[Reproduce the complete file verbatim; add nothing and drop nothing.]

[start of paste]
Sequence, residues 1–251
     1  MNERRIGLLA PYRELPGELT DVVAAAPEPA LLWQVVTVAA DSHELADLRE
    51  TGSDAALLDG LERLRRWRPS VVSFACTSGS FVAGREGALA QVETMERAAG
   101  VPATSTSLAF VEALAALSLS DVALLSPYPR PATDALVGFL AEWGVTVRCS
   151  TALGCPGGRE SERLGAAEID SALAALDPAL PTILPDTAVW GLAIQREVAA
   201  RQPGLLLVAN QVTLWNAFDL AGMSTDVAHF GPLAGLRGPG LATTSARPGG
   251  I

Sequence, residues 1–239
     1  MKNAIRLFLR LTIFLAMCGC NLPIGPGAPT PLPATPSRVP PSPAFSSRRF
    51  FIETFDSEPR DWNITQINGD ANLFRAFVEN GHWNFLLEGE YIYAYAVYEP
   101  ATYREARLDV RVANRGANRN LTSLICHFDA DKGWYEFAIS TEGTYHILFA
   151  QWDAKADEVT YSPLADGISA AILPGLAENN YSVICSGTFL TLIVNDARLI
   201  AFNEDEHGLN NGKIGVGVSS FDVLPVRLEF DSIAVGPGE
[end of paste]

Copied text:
Sequence, residues 1–251
     1  MNERRIGLLA PYRELPGELT DVVAAAPEPA LLWQVVTVAA DSHELADLRE
    51  TGSDAALLDG LERLRRWRPS VVSFACTSGS FVAGREGALA QVETMERAAG
   101  VPATSTSLAF VEALAALSLS DVALLSPYPR PATDALVGFL AEWGVTVRCS
   151  TALGCPGGRE SERLGAAEID SALAALDPAL PTILPDTAVW GLAIQREVAA
   201  RQPGLLLVAN QVTLWNAFDL AGMSTDVAHF GPLAGLRGPG LATTSARPGG
   251  I

Sequence, residues 1–239
     1  MKNAIRLFLR LTIFLAMCGC NLPIGPGAPT PLPATPSRVP PSPAFSSRRF
    51  FIETFDSEPR DWNITQINGD ANLFRAFVEN GHWNFLLEGE YIYAYAVYEP
   101  ATYREARLDV RVANRGANRN LTSLICHFDA DKGWYEFAIS TEGTYHILFA
   151  QWDAKADEVT YSPLADGISA AILPGLAENN YSVICSGTFL TLIVNDARLI
   201  AFNEDEHGLN NGKIGVGVSS FDVLPVRLEF DSIAVGPGE